Bolton’s Smith tells all about 1988 Olympic race

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Canadian sprinter Ben Johnson, left, looks over at rival Carl Lewis at the finish of the 100-meter race in Seoul, Korea, on Sept. 24, 1988. Runners are from left: Johnson, Calvin Smith, U.S.; Linford Christie, Great Britain and Lewis, U.S.

Ira Gostin, AP

Canadian sprinter Ben Johnson, left, looks over at rival Carl Lewis at the finish of the 100-meter race in Seoul, Korea, on Sept. 24, 1988. Runners are from left: Johnson, Calvin Smith, U.S.; Linford Christie, Great Britain and Lewis, U.S.

 

If Bolton’s own Calvin Smith were to walk into your living room, you would never guess he was once the world’s fastest human. Smith, an humble, soft-spoken man, would never tell you.

Smith, as unassuming as he was fast, has never tooted his own horn. He never sought the spotlight, even when he broke the 15-year-old 100-meter dash world record on July 3, 1983. Smith’s record stood for nearly four years. No telling how long his record would have lasted had it not been for other runners, juiced on steroids, running a fraction of a second faster.

That’s what makes Smith’s new book — “It Should have Been Gold: The Silent Runner Speaks” – all the more compelling. In it, Smith, long reticent on the matter, tells the world that, yes, he was cheated out of his world record and a gold medal in the 1988 Olympics — and it hurt.

Smith, now a 55-year-old social worker in Tampa, returns to Mississippi July 4 as the official starter at the 20th annual Farm Bureau Watermelon Run. Smith will be available to sign copies of the book after the race.

Rick Cleveland

Melanie Thortis

Rick Cleveland

When asked why he authored the book, along with Kerry Kendall, Smith replied, “Because people need to know the truth. It’s part of history. I just wanted to have it down on record all the things that went on during the time I was running.”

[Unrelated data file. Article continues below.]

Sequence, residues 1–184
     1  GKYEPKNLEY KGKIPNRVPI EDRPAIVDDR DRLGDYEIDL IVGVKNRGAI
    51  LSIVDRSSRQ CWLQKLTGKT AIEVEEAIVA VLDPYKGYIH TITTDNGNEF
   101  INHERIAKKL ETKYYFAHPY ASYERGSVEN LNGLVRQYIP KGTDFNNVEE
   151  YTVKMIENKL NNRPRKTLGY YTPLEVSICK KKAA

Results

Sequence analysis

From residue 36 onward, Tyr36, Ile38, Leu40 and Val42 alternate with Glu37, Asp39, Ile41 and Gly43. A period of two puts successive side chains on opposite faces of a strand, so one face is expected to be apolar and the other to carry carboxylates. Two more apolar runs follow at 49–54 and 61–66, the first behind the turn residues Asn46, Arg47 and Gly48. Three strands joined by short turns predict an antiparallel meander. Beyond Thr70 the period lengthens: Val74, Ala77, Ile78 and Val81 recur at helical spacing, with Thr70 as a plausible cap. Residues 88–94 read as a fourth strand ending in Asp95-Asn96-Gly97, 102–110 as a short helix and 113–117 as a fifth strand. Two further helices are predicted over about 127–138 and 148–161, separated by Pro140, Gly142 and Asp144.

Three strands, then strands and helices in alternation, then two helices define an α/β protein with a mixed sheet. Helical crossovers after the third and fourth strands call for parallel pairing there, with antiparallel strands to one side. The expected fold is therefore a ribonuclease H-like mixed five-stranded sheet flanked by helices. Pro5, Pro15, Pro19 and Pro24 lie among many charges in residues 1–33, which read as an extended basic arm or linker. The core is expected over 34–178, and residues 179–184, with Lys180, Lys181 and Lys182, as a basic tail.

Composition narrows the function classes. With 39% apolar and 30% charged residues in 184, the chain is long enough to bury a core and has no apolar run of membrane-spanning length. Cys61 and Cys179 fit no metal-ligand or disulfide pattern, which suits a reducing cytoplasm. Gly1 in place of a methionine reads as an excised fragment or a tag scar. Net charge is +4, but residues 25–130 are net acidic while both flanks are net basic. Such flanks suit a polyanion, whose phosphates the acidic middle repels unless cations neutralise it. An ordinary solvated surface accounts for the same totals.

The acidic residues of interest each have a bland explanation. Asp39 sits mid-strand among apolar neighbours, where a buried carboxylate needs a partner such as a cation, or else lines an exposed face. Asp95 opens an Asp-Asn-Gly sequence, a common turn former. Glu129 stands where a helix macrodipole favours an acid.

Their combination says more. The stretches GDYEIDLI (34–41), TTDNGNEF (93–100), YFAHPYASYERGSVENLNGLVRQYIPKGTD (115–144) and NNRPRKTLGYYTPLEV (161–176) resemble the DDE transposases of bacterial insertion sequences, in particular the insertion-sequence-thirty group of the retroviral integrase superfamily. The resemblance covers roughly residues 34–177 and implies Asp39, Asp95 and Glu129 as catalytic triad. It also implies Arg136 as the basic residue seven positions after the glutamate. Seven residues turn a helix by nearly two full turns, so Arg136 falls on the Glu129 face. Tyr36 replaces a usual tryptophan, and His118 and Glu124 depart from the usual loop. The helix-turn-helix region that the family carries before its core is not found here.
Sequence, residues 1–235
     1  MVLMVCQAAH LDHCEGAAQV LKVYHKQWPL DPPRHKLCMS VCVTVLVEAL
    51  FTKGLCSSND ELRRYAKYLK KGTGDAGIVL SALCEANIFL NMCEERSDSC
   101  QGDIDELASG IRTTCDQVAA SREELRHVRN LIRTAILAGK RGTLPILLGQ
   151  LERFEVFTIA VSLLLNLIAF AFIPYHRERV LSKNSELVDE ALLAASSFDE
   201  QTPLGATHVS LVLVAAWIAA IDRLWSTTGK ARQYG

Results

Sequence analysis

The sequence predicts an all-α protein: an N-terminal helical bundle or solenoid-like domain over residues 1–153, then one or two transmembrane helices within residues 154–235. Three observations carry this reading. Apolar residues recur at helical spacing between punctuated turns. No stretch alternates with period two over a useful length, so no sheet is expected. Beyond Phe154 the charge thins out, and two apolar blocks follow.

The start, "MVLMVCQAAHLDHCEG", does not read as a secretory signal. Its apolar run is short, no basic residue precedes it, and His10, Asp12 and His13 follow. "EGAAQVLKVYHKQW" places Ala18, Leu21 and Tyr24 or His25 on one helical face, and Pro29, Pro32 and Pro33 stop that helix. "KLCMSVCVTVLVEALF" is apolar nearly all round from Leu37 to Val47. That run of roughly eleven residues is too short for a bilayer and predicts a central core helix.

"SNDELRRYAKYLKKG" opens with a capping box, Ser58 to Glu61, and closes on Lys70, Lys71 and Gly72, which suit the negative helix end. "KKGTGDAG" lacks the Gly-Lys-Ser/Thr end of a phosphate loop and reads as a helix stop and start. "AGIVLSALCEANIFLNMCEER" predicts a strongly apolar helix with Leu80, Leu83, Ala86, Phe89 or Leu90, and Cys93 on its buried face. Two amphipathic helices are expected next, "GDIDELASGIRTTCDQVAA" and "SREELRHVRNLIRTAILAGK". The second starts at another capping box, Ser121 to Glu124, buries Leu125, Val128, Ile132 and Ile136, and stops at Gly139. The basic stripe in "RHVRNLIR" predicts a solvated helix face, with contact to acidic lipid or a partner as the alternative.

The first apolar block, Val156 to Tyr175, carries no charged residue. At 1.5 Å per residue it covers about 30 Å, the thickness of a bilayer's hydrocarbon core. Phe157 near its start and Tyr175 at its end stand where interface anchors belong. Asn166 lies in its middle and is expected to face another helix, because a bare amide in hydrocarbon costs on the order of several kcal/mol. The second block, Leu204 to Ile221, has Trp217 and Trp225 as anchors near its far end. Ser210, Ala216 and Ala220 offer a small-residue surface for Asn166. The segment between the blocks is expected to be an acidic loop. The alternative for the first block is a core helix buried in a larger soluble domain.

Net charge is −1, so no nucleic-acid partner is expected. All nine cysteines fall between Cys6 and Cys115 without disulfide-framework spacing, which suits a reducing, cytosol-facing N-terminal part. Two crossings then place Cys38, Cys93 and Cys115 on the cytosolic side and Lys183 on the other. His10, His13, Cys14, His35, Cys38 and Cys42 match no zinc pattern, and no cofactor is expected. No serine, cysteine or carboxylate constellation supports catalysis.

In other words, he had some things to get off his chest. He wanted his side of the story to be a matter of record. And now it is.

Smith was part of perhaps the most famously sordid Olympic race of all-time. Remember?

It was in Seoul, on Sept. 24, 1988. Heavily-muscled Canadian Ben Johnson ran away from the field, finishing well ahead of Carl Lewis in second and Linford Christie in third. Smith finished fourth.

Johnson tested positive for anabolic steroids, elevating Smith to the bronze medal, which he received underneath the stadium, without ceremony, a day later. Of the five top finishers in the race, Smith was the only one who never tested positive for any banned substance. In his heart of hearts, Smith believes he deserved the gold.

“What can you do?” Smith said. “In many cases, the sport was condoning the athletes taking drugs. Ben was typical of what was going on in the sport then.”

Nearly 38 years later, track and field is still fraught with drugging controversy. Russia’s track and field team has been barred from competing in the Olympic Games this summer because of a doping conspiracy, an extraordinary punishment without precedent in Olympics history.

Smith, for one, was not surprised.

“When I was competing, we knew a lot of Russian athletes were using drugs,” Smith said. “That’s the thing. If you are involved in the sport, competing, you know what is going on. We knew who was cheating and who wasn’t.”

Smith was slightly-built for a sprinter and no doubt could have gained speed with muscle built from steroid-aided workouts.

“A lot of my speed was God-given, but a lot of it was just plain hard work,” said Smith, who says he decided while still in school at Alabama that he was going to remain drug-free.

“Whatever happened, I knew I was going to do it the right way,” Smith said.

Smith says reaction to his book has been “largely positive.” He’s not sure the book gives him a feeling of closure.

“It is what it is,” he said, and the medal from 1988 is still bronze.

“At least,” Calvin Smith says, “the truth is there in print. It’s there for the record.”

Rick Cleveland writes a weekly sports column running Fridays at Mississippitoday.org.

  • Charles Pearce

    Class and dignity in every stride.